Anishinaabek have our own forms of policing however like most of our own institutions this role in our communities has become compromised to benefit only the settler government. From the imposition of an Indian Agent and Indian Act Band Council that enforced restrictions over us to those who believe they are creating change by working in the colonial system are only helping to perpetuate the subjection of our rights and freedoms and criminalization of our People under Canada’s assumed jurisdiction.
It is well documented by the mainstream media how the RCMP, CSIS, National Defense (Military) and Police Agencies have been spying on Indigenous People’s standing up for their rights and lands where these partnerships have even recruited what is now called the department of Indigenous and Northern Affairs of Canada as well as the Assembly of First Nations.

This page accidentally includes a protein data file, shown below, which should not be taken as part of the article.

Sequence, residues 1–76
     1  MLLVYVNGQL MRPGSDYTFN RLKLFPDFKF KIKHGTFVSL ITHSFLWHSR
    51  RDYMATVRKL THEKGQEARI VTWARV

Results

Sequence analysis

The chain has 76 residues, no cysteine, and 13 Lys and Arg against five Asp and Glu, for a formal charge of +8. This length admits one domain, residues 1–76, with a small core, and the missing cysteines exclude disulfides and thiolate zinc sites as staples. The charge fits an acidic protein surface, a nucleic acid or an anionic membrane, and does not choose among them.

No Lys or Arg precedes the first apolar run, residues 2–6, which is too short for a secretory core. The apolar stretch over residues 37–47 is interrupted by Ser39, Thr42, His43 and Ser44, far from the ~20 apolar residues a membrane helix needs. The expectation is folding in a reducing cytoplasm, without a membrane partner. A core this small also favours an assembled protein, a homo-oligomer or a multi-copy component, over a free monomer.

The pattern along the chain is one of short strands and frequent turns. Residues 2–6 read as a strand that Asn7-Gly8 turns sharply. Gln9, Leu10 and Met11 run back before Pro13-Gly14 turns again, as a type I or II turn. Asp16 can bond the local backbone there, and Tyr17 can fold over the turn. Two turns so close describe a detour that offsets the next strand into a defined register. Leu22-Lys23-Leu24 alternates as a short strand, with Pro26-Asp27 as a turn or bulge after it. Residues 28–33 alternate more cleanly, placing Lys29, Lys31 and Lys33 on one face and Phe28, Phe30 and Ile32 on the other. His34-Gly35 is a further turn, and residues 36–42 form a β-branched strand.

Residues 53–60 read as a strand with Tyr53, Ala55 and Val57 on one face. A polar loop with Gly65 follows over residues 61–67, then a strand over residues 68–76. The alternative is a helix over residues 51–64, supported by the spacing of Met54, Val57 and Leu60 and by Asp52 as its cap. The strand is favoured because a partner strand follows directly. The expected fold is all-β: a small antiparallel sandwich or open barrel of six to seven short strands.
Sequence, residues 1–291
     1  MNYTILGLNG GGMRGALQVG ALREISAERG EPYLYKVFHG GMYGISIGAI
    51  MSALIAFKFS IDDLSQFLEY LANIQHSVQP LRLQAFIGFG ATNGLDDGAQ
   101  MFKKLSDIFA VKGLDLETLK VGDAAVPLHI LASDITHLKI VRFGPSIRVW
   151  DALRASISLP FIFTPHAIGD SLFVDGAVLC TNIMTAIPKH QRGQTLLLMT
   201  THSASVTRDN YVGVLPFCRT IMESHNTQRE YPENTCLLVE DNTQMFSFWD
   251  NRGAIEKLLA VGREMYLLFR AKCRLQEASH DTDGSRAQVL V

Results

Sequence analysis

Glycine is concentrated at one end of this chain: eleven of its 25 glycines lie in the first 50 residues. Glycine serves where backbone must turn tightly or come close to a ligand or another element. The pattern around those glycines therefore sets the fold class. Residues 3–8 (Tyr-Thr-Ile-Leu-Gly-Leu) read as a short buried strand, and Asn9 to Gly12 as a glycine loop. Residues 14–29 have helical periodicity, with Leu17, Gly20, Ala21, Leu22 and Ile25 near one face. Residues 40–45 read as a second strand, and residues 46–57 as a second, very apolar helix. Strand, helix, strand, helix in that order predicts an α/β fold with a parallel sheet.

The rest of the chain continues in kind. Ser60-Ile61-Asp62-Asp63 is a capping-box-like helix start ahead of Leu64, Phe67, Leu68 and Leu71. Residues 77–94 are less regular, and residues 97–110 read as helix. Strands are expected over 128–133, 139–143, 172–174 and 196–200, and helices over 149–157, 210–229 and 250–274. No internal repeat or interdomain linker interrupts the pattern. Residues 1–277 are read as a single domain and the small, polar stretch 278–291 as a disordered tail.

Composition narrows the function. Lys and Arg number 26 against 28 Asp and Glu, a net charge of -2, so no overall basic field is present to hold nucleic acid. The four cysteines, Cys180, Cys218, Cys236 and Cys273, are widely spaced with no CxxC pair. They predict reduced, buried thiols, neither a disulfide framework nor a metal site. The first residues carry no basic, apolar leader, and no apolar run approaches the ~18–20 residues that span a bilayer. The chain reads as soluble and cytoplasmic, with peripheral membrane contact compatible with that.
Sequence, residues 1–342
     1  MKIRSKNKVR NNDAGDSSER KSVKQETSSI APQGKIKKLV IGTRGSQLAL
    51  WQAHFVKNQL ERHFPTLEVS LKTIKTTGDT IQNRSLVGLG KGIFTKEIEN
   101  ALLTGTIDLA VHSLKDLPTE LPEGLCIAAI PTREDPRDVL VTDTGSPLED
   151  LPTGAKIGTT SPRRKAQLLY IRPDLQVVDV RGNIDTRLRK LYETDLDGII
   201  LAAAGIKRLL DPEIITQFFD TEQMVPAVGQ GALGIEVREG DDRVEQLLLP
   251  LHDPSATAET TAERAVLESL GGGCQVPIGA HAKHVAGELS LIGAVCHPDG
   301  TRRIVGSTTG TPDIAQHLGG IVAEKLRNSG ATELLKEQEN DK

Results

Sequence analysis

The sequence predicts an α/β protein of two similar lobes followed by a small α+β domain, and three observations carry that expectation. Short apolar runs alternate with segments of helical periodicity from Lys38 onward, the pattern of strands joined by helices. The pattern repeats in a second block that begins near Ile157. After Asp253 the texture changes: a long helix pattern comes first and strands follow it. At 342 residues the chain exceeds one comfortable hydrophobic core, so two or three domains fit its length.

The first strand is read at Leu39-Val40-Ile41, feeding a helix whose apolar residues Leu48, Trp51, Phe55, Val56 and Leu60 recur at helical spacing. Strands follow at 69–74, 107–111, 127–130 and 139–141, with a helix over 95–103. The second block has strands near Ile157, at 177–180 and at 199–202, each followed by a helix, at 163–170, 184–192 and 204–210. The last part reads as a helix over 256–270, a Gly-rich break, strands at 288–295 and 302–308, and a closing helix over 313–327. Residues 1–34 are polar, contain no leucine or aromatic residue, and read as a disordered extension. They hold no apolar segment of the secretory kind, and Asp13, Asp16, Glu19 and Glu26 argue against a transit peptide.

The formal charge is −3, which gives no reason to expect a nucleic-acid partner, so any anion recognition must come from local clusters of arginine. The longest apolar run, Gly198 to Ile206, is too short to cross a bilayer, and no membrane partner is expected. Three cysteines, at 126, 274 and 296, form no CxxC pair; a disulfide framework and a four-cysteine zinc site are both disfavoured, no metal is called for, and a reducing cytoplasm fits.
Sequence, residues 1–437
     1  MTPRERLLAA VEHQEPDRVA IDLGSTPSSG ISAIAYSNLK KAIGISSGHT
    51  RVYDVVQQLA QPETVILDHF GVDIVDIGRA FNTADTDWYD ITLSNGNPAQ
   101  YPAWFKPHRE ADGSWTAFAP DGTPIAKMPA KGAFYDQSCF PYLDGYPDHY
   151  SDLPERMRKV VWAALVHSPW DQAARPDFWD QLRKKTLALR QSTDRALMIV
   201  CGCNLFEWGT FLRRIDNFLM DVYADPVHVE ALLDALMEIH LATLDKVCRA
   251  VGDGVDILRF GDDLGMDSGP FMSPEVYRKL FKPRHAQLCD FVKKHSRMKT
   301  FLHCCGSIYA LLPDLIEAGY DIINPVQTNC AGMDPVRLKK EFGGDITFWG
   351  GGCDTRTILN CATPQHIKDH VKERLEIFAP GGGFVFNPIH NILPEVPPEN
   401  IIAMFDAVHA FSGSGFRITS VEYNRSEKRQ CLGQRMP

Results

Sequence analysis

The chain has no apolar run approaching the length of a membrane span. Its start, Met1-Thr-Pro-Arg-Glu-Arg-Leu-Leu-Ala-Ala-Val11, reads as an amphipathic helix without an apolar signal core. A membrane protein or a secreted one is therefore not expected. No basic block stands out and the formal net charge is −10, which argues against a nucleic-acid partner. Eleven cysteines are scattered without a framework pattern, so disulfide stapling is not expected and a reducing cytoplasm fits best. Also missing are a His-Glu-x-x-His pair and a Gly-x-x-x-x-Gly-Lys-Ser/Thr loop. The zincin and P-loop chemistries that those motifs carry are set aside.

Documents such as Project SITKA obtained through Freedom of Information and shared by the mainstream media in the past decade shows how Canada spies and develops plan’s on how to combat such Indigenous Protests with the help of Police Agencies where such Indigenous Peoples and communities are put in the same category by such agencies and labelled as domestic terrorists. This is type of activity and labeling creates an prejudice environment which contradicts why Canada’s First Nations Policing Policy in the early 1990’s was established in the first place.
The negative relations between non-Indigenous Police and Indigenous Peoples across Canada along with such actions such as the so called Oka Crisis in 1990 and reports like the Royal Commission on Aboriginal Peoples stressed the need of First Nations to establish their own Police Force. The increasing political pressure to do something about Aboriginal policing led to the introduction of the First Nations Policing Policy in June 1991 by the federal government, after extensive consultation with the provinces, territories and First Nations across Canada.
The RCMP’s project SITKA which can be read by clicking the link below is one such document created on how to categorize, and profile Indigenous Peoples organizing to defend their rights and homelands.
First Nations Policing in Ontario